The importance of family and community engagement in children’s learning is undisputed. How to deliver this effectively in diverse school communities is less clear-cut. Schools Plus’ Fair Education program develops the capacity of teachers and school leaders in communities facing disadvantage to help them address this very issue.
Since launching in NSW in 2016, Fair Education has supported over 140 schools in three states: NSW, Queensland and Victoria, with 40,000+ students benefitting from the program.
The Fair Education program comprises coaching for school leadership teams, funding for school specific projects, ongoing project management and evaluation, over a 3-year period. Schools can apply to join the Fair Education as a standalone school, or as part of a community of schools in an area.
“You never know the impact of one thing over everything else, but over the three years of the project, we have got double the number of kids getting in the proficient bands [in our NAPLAN results] than we did in 2016…it is not a direct relation but things are aligning.” NSW School Leader
Now that the program has been running for over 5 years, there are some great stories emerging from schools that have benefitted.
Hassall Grove Public School is just one example. This primary school in Sydney’s west was finding that many children were beginning kindergarten unprepared to start school. The children lacked key skills in areas such as social interaction, play, language, emotional development, physical skills, early literacy and numeracy and fine motor skills. It is widely acknowledged that children who start school behind, struggle to catch up, and as many as 1 in 4 children will not be earning or learning at the age of 24 if they miss out at key educational milestones at a young age.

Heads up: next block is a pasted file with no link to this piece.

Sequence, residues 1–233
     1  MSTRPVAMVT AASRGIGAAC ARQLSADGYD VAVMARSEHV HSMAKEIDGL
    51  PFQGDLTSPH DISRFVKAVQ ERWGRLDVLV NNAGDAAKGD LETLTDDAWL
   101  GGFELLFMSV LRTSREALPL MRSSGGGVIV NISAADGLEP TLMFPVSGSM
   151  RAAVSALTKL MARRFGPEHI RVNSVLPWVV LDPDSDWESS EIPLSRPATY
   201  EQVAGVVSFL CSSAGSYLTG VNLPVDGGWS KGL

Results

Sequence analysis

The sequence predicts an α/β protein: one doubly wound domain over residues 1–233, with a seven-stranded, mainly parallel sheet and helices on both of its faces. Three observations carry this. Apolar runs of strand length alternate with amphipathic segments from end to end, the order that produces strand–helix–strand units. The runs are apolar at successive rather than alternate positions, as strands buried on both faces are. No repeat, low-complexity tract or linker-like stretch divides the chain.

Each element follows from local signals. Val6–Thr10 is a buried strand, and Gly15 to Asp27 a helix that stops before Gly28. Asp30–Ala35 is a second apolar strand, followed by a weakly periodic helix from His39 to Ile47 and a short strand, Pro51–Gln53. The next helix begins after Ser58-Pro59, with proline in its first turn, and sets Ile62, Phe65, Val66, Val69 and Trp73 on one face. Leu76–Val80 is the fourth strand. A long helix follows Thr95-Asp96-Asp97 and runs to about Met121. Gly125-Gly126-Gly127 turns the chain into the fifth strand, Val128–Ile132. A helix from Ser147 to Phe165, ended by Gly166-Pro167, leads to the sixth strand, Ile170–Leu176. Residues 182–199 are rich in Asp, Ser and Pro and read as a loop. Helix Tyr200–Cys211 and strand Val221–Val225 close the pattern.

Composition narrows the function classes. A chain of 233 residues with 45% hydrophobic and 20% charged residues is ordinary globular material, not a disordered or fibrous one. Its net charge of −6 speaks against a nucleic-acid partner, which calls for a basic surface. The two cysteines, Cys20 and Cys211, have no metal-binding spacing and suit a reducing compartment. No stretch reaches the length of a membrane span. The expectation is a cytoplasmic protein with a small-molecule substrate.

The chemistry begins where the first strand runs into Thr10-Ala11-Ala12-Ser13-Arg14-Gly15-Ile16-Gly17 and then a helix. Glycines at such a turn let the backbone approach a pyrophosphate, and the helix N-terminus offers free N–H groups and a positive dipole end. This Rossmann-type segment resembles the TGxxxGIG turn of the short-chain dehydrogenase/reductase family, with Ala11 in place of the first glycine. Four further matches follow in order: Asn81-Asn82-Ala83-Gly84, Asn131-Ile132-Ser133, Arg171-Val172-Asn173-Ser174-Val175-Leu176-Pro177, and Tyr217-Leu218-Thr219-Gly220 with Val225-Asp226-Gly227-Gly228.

Hassall Grove launched a parent involvement program to build a school community, and help teach children, and their carers, essential skills for emotional and behavioural development. Parent participation in the school increased from 45% to 99% and parent participation in learning increased from 30% to 84%.
Granville East Public School launched ‘connected conversations’ between teachers, parents and students. For example, it has introduced an app which allows real-time communication between the classroom and home, and has replaced written reports with three-way Learning Conversations that involve the student, teacher, family and often interpreters.
The number of parents interacting with the app usually exceeds 80% for each class. The school also held a range of parent learning opportunities (open classrooms, communications via online platforms, and some workshops) and provided them with resources to continue the conversations about learning at home.
“It has given us a successful and multi-faceted approach to connecting with our community. Having the opportunity to use online tools such as the app, Class Dojo, has enabled us to have real time discussions, collaboratively reflect and celebrate the success of our students with all parents.” Amanda Delvecchio, Relieving Assistant Principal – Granville East Public School
Australian Schools Plus is a national charity and was founded following a recommendation in the Review of Funding for Schooling (Gonski Review) to deliver philanthropic support to help children facing disadvantage succeed at school. Schools Plus works with teachers and school leaders to help close the education gap caused by disadvantage.
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